Charter request rejected in multi-million dollar Cape Breton fraud case


A Nova Scotia judge said searches of homes belonging to three sisters accused of a $ 3.6 million tax scheme were routine.

The accused are Georgette Young, Angela MacDonald and Nadia Saker, as well as their mother, Lydia Saker.

The women pleaded not guilty to 30 combined counts, including fraud. They represent themselves as the trial continues this week in the Supreme Court in Sydney.

The sisters claimed that they had been the subject of a Charter violation because of what they considered to be unreasonable house searches. As part of a court application, the women testified alongside their mother and Young’s husband.

CRA investigators testify

The Crown also called several Canada Revenue Agency investigators who carried out the searches in November 2017.

In a written decision released late Monday afternoon, Judge Robin Gogan ruled that she was not persuaded the CRA’s conduct was unreasonable.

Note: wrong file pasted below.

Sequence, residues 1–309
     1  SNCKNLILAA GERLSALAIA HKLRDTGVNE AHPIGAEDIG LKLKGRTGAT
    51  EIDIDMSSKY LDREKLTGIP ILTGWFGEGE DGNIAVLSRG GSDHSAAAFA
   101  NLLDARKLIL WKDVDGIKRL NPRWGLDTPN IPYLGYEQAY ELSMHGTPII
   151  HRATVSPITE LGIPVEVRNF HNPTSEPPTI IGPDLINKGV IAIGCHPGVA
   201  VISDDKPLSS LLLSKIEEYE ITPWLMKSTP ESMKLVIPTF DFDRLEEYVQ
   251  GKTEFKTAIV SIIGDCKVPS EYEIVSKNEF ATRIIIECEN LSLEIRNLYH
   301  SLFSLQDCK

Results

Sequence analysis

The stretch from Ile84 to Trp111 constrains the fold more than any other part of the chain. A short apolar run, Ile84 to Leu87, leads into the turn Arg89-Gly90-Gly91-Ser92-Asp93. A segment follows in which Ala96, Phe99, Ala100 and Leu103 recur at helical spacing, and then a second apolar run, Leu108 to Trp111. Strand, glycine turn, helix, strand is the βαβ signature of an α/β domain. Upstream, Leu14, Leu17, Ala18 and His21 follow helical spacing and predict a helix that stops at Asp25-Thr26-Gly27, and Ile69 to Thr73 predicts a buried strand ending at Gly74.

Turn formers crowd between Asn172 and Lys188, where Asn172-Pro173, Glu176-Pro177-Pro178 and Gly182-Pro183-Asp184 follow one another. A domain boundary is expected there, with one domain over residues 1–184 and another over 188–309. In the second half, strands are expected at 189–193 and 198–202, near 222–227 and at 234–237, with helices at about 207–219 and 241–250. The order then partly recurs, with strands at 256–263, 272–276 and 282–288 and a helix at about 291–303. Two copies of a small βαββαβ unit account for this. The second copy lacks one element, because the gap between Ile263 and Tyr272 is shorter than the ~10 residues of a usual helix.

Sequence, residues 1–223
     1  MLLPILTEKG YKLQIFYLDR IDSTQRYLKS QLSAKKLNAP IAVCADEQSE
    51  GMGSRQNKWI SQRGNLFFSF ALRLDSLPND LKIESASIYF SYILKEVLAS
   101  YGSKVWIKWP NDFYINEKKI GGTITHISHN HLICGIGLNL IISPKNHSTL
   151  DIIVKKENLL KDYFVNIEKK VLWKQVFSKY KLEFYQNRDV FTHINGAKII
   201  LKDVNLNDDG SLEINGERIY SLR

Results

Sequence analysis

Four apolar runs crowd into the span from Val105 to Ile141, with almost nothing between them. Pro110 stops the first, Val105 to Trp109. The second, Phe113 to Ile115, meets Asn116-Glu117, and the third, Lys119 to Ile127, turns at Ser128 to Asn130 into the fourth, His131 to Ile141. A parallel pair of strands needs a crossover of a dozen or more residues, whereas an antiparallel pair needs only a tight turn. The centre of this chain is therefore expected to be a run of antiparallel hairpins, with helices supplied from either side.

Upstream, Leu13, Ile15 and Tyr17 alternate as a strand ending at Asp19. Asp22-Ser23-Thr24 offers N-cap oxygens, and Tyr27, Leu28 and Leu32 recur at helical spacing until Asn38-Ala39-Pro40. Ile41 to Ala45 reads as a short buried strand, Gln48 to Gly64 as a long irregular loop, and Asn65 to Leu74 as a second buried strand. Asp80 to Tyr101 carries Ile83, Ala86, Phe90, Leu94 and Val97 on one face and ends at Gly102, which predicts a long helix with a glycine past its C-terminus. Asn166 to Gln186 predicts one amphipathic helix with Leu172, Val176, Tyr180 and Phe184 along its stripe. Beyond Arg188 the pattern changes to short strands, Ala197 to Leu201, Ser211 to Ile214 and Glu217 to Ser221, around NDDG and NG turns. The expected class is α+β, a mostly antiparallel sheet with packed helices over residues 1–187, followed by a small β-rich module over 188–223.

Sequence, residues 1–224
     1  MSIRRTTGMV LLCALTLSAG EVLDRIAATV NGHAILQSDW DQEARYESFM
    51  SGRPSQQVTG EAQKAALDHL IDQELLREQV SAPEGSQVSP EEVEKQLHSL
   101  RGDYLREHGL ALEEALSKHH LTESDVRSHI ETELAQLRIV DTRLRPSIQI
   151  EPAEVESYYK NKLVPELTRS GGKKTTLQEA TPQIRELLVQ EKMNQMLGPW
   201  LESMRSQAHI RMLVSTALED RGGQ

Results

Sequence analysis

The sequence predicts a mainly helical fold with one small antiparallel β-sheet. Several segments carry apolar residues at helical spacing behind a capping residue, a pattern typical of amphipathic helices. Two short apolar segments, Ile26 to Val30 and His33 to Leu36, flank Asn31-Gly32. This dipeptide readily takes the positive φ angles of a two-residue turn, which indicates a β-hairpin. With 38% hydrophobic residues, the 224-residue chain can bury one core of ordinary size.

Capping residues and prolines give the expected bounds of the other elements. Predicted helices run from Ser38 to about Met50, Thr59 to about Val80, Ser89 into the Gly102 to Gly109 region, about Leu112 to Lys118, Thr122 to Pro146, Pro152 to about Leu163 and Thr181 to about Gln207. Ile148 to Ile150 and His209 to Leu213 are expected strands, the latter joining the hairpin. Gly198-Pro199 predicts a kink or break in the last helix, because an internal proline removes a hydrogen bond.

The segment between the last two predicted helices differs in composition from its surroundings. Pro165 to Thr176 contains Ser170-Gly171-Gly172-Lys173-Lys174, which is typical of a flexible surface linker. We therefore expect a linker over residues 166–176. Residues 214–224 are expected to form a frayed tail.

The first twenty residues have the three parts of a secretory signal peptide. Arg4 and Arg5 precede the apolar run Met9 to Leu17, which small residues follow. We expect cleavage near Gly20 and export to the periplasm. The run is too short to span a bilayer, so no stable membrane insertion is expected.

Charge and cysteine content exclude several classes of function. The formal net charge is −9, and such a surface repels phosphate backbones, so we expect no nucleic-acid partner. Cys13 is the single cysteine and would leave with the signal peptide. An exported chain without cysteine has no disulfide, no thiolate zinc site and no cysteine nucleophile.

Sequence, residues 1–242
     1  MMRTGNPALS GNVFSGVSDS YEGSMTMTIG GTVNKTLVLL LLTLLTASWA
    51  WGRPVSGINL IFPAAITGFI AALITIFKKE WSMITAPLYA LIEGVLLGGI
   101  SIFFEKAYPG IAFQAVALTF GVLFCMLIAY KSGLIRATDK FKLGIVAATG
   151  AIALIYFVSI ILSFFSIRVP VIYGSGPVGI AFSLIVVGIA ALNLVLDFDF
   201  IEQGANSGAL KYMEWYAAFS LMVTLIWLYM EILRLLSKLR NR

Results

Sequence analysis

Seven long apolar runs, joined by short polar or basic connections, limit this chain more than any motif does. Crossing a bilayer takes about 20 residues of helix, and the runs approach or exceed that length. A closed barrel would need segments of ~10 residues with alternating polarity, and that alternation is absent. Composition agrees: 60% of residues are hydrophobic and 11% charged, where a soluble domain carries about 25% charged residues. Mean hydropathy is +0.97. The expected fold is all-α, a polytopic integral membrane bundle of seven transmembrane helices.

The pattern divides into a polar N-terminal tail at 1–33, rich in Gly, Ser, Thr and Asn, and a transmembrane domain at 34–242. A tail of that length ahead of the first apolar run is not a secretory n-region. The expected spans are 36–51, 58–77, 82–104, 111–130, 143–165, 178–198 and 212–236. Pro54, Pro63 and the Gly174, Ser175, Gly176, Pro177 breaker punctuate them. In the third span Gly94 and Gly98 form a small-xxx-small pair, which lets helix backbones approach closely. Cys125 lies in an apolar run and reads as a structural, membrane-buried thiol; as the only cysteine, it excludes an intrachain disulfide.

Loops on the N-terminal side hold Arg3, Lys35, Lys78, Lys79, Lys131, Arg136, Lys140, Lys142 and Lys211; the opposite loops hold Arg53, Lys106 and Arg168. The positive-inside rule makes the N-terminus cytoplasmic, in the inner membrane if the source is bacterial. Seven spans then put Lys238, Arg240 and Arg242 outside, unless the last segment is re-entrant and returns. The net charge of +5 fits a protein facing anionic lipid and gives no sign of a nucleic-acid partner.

In the 50-page document, Gogan responded to every search to prove that the women were involved in what the CRA says was an elaborate tax evasion scheme involving multiple companies under their name.

“I accept that the experience was shocking, traumatic and invasive for each of the candidates,” Gogan wrote.

“I conclude, in each case, that this state of mind probably had an impact on this perception of events.”

“Established protocol”

Gogan also said she found that routine searches were being carried out, following an “established protocol and recorded in notes and photographs.”

Angela MacDonald said she felt her life was in danger after a police officer grabbed a gun when she tripped and lost her balance.

MacDonald’s testimony about this incident was rejected by Gogan along with the claim that MacDonald’s husband was chased and brought back to their home.

Meanwhile, Young claimed she was physically assaulted after being hit by a door and urinated in her pants while trying to keep investigators out.

Gogan said pieces of Young’s testimony seemed “inherently irrational” and “highly implausible.”

“She was a hazy witness who was at times argumentative and evasive,” Gogan wrote.

“She was also dramatic and seemed to enjoy repeating the most sensational aspects of her testimony.”

On Tuesday, the court is expected to hear arguments on another claim filed by the women regarding whether their tax audits and criminal investigations were conducted properly.


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